US STOCKS-Nasdaq ends sharply lower after Powell comments

Reuters

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    * Weekly jobless claims rise less than expected
    * Nasdaq wipes out 2021 gains    

 (Updates following end of session)
    By Noel Randewich
    March 4 (Reuters) - Wall Street ended sharply lower on
Thursday, leaving the Nasdaq down nearly 10% from its February
record high, after remarks from Federal Reserve Chair Jerome
Powell disappointed investors worried about rising longer-term
U.S. bond yields.
    A decline of 10% from its February record high would confirm
the Nasdaq is in a correction.  
    The benchmark 10-year Treasury yield  US10YT=RR  spiked to
1.533% after Powell's comments, which did not point to changes
in the Fed's asset purchases to tackle the recent jump in
yields. It still held below last week's one-year high of 1.614%.
    Some investors had expected the Fed might step up purchases
of long-term bonds, helping push down long-term interest rates.
 urn:newsml:reuters.com:*:nL2N2L2100  urn:newsml:reuters.com:*:nL2N2L126D
    "The market has been worried about the rise in long-term
interest rates and the Fed chairman in his commentary didn't
really push back towards this increase in rates and the market
took it as a signal that yields could rise further, which is
what has happened," said Scott Brown, chief economist at Raymond
James in Florida.
    
    In a day of heavy trading on Wall Street, the Nasdaq wiped
out all of its year-to-date gains and ended down 9.7% from its
record closing high on Feb. 12. The S&P 500 has declined over 4%
from its record high close on Feb. 12.
    Data showed the number of Americans filing for jobless
benefits rose last week, likely boosted by brutal winter storms
in the densely populated South, though the labor market outlook
is improving amid declining new COVID-19 cases.  urn:newsml:reuters.com:*:nL2N2L132M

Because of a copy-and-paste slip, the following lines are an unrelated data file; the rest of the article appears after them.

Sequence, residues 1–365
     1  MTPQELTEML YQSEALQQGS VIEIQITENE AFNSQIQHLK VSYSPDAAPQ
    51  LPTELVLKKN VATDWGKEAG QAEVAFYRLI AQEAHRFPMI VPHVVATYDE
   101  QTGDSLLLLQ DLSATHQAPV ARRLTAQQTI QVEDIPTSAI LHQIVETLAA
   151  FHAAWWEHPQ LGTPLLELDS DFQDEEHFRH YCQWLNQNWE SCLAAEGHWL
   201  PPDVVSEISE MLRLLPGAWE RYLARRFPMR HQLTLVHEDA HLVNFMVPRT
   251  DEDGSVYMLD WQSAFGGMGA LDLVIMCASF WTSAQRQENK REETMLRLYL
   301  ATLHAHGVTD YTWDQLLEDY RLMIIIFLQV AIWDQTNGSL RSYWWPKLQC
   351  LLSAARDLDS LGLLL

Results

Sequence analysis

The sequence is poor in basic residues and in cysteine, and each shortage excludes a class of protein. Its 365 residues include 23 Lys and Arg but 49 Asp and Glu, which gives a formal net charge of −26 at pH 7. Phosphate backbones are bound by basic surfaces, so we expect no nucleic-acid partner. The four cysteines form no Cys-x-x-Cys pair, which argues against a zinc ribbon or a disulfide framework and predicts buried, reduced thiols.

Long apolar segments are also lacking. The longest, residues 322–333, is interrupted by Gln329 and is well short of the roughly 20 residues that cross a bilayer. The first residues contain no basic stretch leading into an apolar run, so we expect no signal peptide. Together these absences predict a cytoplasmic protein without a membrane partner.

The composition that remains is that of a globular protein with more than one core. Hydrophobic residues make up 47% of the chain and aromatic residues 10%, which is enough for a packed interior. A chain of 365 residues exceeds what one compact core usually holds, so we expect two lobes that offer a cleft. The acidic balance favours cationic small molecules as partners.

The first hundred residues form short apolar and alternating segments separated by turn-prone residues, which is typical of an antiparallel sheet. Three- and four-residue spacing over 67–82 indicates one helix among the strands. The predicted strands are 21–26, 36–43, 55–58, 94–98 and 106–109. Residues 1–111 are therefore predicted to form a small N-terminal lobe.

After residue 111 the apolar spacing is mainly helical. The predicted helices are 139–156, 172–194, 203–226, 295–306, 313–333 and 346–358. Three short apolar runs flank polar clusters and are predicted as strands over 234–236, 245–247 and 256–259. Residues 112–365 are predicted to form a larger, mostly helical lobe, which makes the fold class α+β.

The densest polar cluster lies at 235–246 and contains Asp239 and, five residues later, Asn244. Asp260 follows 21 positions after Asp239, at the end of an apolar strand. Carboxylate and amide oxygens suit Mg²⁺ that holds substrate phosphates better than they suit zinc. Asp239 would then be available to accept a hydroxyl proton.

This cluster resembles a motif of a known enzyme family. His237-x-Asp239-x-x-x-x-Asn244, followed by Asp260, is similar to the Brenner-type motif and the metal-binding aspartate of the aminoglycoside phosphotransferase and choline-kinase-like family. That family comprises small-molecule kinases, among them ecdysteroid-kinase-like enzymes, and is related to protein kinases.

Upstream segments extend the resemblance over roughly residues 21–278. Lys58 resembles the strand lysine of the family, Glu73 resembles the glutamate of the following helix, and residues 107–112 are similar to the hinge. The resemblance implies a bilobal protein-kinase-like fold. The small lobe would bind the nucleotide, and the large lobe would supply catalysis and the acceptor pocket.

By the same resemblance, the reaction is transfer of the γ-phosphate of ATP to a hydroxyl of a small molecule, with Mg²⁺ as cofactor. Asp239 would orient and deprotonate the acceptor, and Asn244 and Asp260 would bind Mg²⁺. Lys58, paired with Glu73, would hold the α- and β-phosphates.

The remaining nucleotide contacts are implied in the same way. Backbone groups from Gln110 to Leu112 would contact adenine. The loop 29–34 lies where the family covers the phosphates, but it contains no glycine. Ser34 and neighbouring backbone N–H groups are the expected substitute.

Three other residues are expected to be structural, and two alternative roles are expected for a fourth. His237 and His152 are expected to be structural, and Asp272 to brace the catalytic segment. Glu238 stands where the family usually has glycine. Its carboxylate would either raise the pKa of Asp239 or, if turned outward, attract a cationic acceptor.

The crucial monthly payrolls report is expected on Friday.
    Wall Street has been under pressure in recent sessions as a
spike in U.S. bond yields hurt valuations of high-flying tech
stocks. Stocks expected to thrive as the economy reopens
outperformed in recent weeks due to expectations of a new round
of fiscal aid and vaccinations.
    The S&P 500 energy sector index  .SPNY  jumped 2.5% and
reached a one-year high on the back of higher oil prices.  O/R  
    The Dow Jones Industrial Average  .DJI  fell 1.11% to end at
30,924.14 points, while the S&P 500  .SPX  lost 1.34% to
3,768.47. 
    The Nasdaq Composite  .IXIC  dropped 2.11% to 12,723.47.
    Volume on U.S. exchanges was 18 billion shares, compared
with the 15 billion average for the full session over the last
20 trading days.
    Apple Inc  AAPL.O , Tesla Inc  TSLA.O  and PayPal Holdings
Inc  PYPL.O  were among the largest drags on the S&P 500. Tesla
dropped almost 5%.
    Tech stocks are particularly sensitive to rising yields
because their value rests heavily on future earnings, which are
discounted more deeply when bond returns go up.
    "Valuations are at the high end of historic ranges, so you
are seeing selling, especially in the higher valuation areas
like the Nasdaq and tech general," said Tim Ghriskey, chief
investment strategist at Inverness Counsel in New York.
    Declining issues outnumbered advancing ones on the NYSE by a
3.79-to-1 ratio; on Nasdaq, a 5.62-to-1 ratio favored decliners.
    The S&P 500 posted 28 new 52-week highs and no new lows; the
Nasdaq Composite recorded 173 new highs and 151 new lows.

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GRAPHIC-Nasdaq tumbles 10% from February record high    https://tmsnrt.rs/2Olrl2v
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 (Reporting by Noel Randewich in Oakland, California; Additional
reporting by Shashank Nayar and Nayar Medha Singh in Bengaluru;
Editing by Maju Samuel and Lisa Shumaker)
 ((noel.randewich@tr.com; (415) 677 2542, Twitter: @randewich))

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